Professor Mark Luttio is a big fan of experiential education.
"The classroom can only go so far and deliver so much," he said. "It's easy to go through life in a hermetically sealed bubble, but that won’t help you understand what the world is actually like.”
In an educational environment, it’s easy to see how hands-on learning applies to science, business studies or fine arts. But Luttio teaches religious studies. How can he teach an intangible subject in a way that engages “all five senses,” an approach he believes is essential to learning?
He starts close to home, at the Snyder Sanctuary on campus. There, he invites students to remove their shoes, as followers of many religions do when entering a sacred space. He lights incense in a vessel decorated with a lotus flower—a sacred image in Hinduism and Buddhism—that he happened to buy in a Catholic gift shop in Tokyo.
Then he introduces the students to meditation, a practice many religions incorporate into ritual and prayer. “I have them become aware of their breathing, and they begin to realize why centering yourself is so powerful,” he said.
“Contemplation—which comes from contemplata, meaning 'to see'—allows us to silence the distractions of the ego and see the potential of the true self,” he said.
"Risking is an important part of learning."
He also teaches on the other side of the world—in Japan, where he was born and raised. Each January Term, he guides a group of Lynn students through a three-week visit that immerses them in Japanese culture. They may participate in a tea ceremony—a Zen ritual focused on being present—or attend a sumo match, a religious ritual as well as a sporting event.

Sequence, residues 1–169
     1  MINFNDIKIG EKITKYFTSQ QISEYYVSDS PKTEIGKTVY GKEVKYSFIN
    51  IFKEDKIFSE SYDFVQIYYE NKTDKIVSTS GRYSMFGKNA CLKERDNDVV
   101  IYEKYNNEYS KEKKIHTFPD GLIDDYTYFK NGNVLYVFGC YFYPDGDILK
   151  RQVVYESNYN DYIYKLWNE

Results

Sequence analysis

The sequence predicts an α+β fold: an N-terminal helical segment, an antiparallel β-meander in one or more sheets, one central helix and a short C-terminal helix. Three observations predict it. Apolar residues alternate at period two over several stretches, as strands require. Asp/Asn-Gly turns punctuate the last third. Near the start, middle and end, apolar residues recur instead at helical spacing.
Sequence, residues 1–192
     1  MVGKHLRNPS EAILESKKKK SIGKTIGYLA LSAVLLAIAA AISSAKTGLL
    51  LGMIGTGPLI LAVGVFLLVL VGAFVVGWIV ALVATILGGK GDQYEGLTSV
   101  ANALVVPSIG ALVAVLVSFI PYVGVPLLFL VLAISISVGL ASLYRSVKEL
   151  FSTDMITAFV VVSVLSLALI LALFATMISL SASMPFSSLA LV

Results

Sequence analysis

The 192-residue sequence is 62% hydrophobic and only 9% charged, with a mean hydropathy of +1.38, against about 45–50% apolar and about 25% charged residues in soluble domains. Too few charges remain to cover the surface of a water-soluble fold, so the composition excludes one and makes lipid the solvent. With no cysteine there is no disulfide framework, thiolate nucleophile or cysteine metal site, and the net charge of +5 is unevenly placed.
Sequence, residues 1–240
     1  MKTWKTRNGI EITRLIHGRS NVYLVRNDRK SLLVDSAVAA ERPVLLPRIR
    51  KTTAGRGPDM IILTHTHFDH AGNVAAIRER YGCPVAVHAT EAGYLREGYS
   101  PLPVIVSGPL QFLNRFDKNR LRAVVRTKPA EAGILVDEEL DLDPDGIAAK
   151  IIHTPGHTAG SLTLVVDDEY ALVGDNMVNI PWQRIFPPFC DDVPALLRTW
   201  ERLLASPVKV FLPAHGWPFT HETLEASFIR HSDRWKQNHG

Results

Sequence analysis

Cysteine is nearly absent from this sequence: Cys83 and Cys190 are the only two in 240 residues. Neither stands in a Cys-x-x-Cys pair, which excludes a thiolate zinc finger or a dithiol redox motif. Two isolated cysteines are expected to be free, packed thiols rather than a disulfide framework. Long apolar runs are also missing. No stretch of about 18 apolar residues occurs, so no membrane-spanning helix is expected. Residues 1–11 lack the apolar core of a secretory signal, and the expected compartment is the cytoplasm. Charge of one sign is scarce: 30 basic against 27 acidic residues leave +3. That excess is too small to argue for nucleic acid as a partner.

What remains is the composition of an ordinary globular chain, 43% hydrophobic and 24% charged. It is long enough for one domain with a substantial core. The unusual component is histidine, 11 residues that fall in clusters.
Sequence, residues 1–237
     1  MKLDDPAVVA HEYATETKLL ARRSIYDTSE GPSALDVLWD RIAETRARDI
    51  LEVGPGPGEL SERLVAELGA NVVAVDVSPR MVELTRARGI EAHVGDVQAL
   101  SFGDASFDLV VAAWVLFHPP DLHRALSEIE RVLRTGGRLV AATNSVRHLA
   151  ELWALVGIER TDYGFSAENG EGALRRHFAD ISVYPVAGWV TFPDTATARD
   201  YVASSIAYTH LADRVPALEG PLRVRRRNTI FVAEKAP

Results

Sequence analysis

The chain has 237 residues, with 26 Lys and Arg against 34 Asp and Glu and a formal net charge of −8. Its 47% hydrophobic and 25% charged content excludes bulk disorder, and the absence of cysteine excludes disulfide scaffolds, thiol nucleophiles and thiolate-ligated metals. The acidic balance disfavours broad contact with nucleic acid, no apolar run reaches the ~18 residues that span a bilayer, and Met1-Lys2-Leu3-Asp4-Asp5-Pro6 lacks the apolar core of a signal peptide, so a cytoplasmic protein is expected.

Luttio also practices what he preaches.
In 2017, he completed a five-month, 17-country journey. He wanted to explore additional religions and rituals the way he encourages his students to learn: by seeing, hearing, tasting, smelling and touching.
In Jerusalem, Luttio encountered a family who had been tattooing pilgrims since the 1300s. He had never considered a tattoo, but he felt compelled to get one.
“Ideas need to get embodied. I needed the experience to become part of my very being,” he said.
He chose a Jerusalem cross, which is now imprinted on his arm. He said it’s a constant reminder that “risking is an important aspect of learning. You have to be willing to ingest the food, to get close to people.”
Back in Boca Raton, Luttio also takes his students to the Morikami Museum and Japanese Gardens.
“I have them sit among the bamboo," he said. "The bamboo teaches you. You hear the sounds of it creaking as it bends, and you realize that it has withstood all the hurricanes that have come through the area because it bends instead of being brittle. We need to move beyond tolerance and learn from each other. There’s a blessing to be had if we are willing to be taught.”